Wednesday, June 01, 2005

Scholars in Mourning

The Bancroft Library has closed for at least four months. Scholars around the country are grieving. The San Francisco Chronicle tells the sad story of this guy:

“As the deadline for closing the library neared, every seat in the reading room was taken, and there was a waiting list to get in. One of the spots was taken last week by Robert Chester, who is working on his doctoral dissertation in history from UC Davis. His subject is the environmental impact of the silver boom in the Comstock in 19th century Nevada -- and recently to his great surprise he came on the Bancroft's collection of 48 letter books full of the correspondence of Henry Yerington, manager of the Virginia and Truckee Railroad and a major player in his field of study.

It was like finding scholarly gold and he was racing last week to finish mining his discovery. But time ran out on him. The library is closing for five months on June 1, and the Yerington letters are available nowhere else. He's not sure what to do. "I'll have to write as I research," he said. "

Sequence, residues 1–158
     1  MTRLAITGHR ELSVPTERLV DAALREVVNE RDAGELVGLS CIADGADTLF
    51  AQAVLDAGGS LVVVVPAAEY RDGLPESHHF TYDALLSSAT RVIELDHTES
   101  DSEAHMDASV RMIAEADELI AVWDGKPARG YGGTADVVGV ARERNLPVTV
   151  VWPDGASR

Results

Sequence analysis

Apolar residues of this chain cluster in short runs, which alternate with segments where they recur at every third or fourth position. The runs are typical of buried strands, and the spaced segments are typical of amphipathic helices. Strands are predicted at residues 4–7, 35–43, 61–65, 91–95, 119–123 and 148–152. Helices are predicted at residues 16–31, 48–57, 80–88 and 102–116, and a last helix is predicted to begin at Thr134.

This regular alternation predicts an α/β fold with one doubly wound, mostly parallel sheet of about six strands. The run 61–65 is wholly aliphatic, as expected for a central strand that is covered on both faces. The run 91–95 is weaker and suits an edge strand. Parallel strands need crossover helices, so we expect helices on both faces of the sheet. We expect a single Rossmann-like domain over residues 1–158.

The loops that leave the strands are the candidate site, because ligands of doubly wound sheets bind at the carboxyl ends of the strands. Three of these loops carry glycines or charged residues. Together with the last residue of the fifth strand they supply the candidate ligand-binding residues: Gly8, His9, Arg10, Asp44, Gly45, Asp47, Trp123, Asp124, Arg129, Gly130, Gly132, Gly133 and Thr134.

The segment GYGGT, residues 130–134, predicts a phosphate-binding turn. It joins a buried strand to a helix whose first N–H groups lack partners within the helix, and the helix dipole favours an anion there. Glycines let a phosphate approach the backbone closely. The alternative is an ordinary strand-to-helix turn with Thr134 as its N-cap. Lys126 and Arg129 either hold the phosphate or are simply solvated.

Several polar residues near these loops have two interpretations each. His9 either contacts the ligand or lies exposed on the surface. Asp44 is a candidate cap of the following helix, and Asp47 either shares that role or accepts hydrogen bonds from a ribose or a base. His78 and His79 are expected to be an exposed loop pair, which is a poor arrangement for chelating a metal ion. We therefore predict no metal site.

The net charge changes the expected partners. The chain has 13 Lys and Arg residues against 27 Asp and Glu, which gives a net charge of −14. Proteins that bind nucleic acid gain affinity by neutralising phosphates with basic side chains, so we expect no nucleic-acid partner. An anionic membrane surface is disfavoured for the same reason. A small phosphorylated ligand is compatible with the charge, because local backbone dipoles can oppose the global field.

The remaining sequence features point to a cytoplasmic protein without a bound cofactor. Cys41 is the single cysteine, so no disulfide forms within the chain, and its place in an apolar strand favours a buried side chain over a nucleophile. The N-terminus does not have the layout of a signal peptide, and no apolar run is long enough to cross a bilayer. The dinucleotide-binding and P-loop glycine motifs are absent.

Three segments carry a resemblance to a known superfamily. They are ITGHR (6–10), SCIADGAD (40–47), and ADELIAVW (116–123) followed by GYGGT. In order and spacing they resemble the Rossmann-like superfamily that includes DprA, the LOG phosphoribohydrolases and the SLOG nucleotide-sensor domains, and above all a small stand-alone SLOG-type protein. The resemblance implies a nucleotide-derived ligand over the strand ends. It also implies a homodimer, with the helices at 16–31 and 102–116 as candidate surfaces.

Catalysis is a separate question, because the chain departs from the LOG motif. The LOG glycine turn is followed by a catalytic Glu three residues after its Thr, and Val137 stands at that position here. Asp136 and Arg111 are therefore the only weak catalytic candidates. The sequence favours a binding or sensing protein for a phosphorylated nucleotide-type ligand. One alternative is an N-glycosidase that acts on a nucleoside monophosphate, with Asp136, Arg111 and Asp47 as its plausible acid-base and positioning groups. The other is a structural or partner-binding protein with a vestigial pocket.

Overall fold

God, how frustrating to find this treasure trove and not be able to read it.

The Chronicle also reports on the party Pat Montandon threw for her son, Sean Wilsey, and a review of who’s reading Oh The Glory Of It All

What I’m reading now:

Telling the Untold Story: How Investigative Reporters Are Changing the Craft of Biography. This is by Steve Weinberg, a professor at the journalism school at the University of Missouri and the former executive director of Investigative Reporters and Editors. The book explores the techniques of good biographers, such as Robert Caro, James Steele, and Donald Bartlett, and discusses how to arrive at the truth about someone’s life. Weinberg wrote a biography of Armand Hammer and is working on another on muckraker Ida Tarbell.

I’m trying to get to The Washingtonienne, by Jessica Cutler, which is released officially today. But my husband, lured by the provocative cover of a woman in a lacy pink bra, picked it up first, and now my almost 13-year old has found it. I guess that says something about the book’s appeal.

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